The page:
As a former fashion designer, Rebecca Ford maintains an interest in all things design. In recent years, like much of the world, she has turned her interests to sustainability. One area she finds fascinating is sustainable landscape design, which is all about using native plants and existing spaces to create something beautiful, complementary, and useful.
Rebecca Ford Talks About the Sustainable Landscape
Homeowners and gardeners have realized over the last decade how critical their role is to the local environment. Introducing non-native species is often problematic and can hinder local growth and insect populations.
Sustainable landscaping is about focusing on the existing environment and nurturing domestic plants to ensure plants and ecosystems thrive. There are at least four principles of sustainable landscaping and gardening.
Sustainability is about taking care of the resources available to communities, ensuring no one abuses them. Landscaping plans can lead to excessive water use, which is increasingly problematic in a world of frequent droughts.
Sustainable landscaping requires you to look at water as a valuable and limited resource. Create a garden or landscape of drought-resistant, native plants. Ford also urges you to use rain barrels and other collection methods to reduce water use on municipal systems.
Soil is also a finite resource, so it is imperative that you care for what you have. You can take several steps to reduce soil erosion or runoff, including choosing the right plants for your area. Deep-rooted perennials can help hold the soil. While the plants may serve a functional purpose, you can find many of these perennials in vibrant colors, textures, and forms, creating visual interest.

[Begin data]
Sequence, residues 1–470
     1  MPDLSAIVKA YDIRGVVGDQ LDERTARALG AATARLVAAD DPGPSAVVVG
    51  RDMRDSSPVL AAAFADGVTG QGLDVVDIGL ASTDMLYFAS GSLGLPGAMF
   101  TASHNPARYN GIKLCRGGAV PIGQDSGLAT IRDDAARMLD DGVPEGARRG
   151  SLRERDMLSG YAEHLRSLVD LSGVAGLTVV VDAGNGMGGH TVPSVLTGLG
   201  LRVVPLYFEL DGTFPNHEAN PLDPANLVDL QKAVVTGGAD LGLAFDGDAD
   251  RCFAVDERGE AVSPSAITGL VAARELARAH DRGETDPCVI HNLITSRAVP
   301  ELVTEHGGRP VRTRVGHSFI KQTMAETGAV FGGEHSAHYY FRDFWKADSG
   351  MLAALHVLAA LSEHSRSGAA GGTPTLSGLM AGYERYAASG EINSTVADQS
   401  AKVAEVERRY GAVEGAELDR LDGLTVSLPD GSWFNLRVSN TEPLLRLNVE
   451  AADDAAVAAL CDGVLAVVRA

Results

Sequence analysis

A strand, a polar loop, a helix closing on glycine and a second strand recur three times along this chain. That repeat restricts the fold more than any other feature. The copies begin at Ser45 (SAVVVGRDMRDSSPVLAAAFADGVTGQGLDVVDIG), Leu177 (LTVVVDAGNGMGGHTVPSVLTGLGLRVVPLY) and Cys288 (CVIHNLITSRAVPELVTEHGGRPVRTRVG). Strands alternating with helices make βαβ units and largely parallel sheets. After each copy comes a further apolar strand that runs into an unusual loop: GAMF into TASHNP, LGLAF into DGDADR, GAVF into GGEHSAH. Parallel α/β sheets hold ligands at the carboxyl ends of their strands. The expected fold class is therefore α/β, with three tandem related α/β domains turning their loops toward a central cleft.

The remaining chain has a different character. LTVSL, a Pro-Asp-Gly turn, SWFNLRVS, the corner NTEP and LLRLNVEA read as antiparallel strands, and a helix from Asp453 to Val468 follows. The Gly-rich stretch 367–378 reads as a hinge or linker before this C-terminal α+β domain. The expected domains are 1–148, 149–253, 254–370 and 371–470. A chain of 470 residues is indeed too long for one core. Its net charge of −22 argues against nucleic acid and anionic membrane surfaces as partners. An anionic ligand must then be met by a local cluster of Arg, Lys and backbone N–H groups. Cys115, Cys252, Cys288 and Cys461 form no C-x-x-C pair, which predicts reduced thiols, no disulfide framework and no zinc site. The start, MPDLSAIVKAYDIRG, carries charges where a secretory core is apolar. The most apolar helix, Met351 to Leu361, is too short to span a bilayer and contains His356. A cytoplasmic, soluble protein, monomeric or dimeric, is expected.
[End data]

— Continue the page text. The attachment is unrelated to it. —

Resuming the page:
Rebecca Ford, New Canaan resident, understands the importance of color and texture in design, but she suggests you don’t always need to look for exotic elements to make a statement. Native plants are perfect for your landscape because they thrive in your climate and contribute to the existing ecosystem. Native species contribute to the health and longevity of your landscape.
The primary goal of a sustainable landscape is to reduce waste. How much waste does your current landscape contribute to landfills each year? Is your grass space too big, resulting in plentiful yard waste? By shrinking your lawn and planting wildflowers, shrubs, ornamental trees, and grasses, you can significantly reduce the amount of yard waste your landscape produces.
Professional Designers and Sustainable Trends
Rebecca Ford and other professional designers acknowledge the need for sustainable design, even beyond landscapes. Environmental trends are essential to humanity’s survival. With so many limited resources, the population needs to focus on how it can give back to the world it takes for granted. Sustainable landscaping is one way to ensure that local ecosystems remain healthy and thrive.